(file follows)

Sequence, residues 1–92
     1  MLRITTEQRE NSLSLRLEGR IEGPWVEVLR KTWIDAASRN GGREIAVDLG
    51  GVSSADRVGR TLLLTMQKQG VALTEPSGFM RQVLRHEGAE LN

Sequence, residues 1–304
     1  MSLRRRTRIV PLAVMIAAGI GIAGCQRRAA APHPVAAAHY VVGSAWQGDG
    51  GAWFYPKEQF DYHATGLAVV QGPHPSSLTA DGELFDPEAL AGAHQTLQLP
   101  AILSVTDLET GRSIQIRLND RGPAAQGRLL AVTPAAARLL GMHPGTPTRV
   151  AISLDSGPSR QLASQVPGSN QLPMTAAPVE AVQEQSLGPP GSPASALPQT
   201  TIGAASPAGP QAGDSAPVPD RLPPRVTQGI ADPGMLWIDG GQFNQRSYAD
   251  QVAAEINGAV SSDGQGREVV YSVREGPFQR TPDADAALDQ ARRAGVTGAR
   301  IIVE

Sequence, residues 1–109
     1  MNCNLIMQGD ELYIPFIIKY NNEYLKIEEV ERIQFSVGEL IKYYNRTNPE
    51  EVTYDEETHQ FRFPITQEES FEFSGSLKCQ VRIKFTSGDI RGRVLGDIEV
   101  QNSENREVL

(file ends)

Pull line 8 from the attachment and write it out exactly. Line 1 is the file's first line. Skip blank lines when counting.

   151  AISLDSGPSR QLASQVPGSN QLPMTAAPVE AVQEQSLGPP GSPASALPQT